What the nurse Ruth, her lawyer Kennedy, and Turk the father of the child cannot know is how this death will irrevocably change all of their lives, in ways both expected and not.

 

My review:

On the whole, this book is a disappointment especially as usually I really love Picoult’s books. This is definitely not her best and not even her most far-reaching work. The trouble is that the author has been so taken up by the nobility of her cause (campaigning against racism) that she has forgotten to write a novel. Most of the first three-quarters of the book could have been better expressed by means of non-fiction, and I felt that the material was being forced into a novelistic form which it definitely did not fit. As a result, Ruth is very dull and irritating and needs a good shaking every now and again – she repeats herself constantly and I ended up skipping her sections in order to read the sections on Turk or Kennedy, which were better written by far.

It’s a great relief when the court scenes finally arrive in the last quarter of the book, and Picoult actually starts writing the novel rather than beating us over our heads with her cause. From then on in, I enjoyed the story, and it raced through to the dramatic (and, yes, a wee bit laughable) end. Ruth of course remains unbearably smug, but I loved the way things turn out for Turk. He at least is a great character.

I hope Picoult will remember to let the story and the characters (not the cause, please!) take centre stage for her next novel – a return to form would be appreciated!

Anne Brooke Books

The Language of Flowers by Vanessa Diffenbaugh: a poetic and powerful story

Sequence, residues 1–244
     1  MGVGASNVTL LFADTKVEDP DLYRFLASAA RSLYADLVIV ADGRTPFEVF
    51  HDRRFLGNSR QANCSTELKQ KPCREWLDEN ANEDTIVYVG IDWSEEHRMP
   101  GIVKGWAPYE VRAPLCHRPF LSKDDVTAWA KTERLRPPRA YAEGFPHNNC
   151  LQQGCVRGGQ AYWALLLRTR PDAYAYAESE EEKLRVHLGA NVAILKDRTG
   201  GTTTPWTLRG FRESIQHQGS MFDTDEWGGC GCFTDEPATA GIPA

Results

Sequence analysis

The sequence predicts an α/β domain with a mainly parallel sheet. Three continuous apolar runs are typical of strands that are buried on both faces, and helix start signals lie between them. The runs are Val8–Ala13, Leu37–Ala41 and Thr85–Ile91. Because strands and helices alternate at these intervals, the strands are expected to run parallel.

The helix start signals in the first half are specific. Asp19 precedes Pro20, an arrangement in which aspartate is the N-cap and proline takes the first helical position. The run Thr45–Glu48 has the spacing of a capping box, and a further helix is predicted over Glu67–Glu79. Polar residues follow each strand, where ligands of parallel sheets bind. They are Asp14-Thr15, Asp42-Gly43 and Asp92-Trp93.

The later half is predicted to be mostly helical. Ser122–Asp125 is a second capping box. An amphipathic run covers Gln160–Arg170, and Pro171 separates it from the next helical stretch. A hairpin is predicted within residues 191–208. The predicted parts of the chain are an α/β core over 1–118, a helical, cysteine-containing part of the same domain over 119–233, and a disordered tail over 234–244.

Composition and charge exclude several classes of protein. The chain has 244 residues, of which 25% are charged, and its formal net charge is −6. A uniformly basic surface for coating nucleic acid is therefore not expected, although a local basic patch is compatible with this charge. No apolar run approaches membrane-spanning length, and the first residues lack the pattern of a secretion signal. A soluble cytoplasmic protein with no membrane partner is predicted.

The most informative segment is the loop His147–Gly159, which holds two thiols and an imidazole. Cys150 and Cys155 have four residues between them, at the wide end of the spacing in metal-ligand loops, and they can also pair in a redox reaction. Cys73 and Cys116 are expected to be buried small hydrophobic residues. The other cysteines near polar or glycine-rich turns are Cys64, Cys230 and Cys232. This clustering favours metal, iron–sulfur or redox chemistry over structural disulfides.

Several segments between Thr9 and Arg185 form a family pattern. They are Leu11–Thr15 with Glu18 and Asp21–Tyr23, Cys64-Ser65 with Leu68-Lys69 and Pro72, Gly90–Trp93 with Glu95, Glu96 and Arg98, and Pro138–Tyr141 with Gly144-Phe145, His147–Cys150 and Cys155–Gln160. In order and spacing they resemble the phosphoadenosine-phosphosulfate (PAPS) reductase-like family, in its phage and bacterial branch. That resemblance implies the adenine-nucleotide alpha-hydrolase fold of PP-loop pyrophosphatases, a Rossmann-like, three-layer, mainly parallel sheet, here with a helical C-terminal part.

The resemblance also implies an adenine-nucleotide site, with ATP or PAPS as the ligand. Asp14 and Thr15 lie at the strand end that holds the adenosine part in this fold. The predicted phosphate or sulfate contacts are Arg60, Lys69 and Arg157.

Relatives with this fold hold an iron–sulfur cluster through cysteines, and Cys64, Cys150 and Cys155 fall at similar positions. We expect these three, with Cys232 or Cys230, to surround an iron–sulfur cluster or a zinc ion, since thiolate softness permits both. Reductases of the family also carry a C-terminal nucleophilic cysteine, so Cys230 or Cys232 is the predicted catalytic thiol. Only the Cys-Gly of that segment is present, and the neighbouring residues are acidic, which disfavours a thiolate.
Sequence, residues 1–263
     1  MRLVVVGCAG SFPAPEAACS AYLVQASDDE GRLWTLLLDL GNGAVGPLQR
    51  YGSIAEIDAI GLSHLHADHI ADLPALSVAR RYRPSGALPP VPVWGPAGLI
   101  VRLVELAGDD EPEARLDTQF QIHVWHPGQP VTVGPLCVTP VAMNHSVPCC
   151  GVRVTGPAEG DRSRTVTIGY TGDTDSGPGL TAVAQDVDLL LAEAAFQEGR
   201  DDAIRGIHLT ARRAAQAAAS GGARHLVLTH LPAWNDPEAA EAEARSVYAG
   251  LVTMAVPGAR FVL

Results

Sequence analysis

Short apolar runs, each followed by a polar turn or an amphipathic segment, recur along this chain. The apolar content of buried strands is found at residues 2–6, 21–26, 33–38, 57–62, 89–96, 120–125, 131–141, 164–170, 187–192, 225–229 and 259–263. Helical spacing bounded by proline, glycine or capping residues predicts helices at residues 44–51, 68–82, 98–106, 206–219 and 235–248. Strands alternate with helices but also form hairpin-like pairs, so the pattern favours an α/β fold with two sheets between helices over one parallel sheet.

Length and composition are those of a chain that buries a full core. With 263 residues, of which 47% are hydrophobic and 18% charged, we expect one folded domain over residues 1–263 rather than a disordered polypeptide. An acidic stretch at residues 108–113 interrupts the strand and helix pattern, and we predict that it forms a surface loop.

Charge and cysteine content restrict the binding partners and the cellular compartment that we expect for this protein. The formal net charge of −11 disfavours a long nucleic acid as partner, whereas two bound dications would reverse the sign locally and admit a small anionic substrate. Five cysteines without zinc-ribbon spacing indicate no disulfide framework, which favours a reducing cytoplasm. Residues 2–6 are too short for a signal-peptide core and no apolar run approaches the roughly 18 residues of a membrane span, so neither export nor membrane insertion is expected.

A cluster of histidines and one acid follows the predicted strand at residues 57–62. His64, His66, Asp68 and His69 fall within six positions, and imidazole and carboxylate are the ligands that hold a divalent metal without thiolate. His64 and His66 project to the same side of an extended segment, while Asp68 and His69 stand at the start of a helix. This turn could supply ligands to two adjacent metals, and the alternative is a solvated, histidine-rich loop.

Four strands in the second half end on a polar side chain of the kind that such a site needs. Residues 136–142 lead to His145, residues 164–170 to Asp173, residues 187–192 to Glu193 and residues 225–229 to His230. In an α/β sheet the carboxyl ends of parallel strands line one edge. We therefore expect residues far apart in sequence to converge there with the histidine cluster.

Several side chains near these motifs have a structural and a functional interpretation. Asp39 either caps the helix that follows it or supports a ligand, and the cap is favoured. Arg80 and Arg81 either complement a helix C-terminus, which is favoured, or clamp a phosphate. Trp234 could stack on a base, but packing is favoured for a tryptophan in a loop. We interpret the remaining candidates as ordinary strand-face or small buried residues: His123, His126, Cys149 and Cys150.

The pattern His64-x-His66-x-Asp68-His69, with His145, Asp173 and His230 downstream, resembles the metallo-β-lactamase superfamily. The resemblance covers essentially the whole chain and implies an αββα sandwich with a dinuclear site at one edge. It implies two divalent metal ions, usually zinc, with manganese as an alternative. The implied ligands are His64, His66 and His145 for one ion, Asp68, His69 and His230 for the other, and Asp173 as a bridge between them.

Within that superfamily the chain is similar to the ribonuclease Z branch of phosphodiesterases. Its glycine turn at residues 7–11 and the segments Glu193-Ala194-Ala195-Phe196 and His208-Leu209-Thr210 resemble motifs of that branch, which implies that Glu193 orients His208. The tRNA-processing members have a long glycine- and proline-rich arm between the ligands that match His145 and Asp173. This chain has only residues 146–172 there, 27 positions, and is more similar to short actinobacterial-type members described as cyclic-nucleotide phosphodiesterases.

The Victorian language of flowers was used to express emotions: honeysuckle for devotion, azaleas for passion, and red roses for love. But for Victoria Jones, it has been more useful in communicating feelings like grief, mistrust and solitude. After a childhood spent in the foster care system, she is unable to get close to anybody, and her only connection to the world is through flowers and their meanings.
Now eighteen, Victoria has nowhere to go, and sleeps in a public park, where she plants a small garden of her own. When her talent is discovered by a local florist, she discovers her gift for helping others through the flowers she chooses for them. But it takes meeting a mysterious vendor at the flower market for her to realise what’s been missing in her own life, and as she starts to fall for him, she’s forced to confront a painful secret from her past, and decide whether it’s worth risking everything for a second chance at happiness.
The Language of Flowers is a heartbreaking and redemptive novel from author Vanessa Diffenbaugh, about the meaning of flowers, the meaning of family, and the meaning of love.
My review: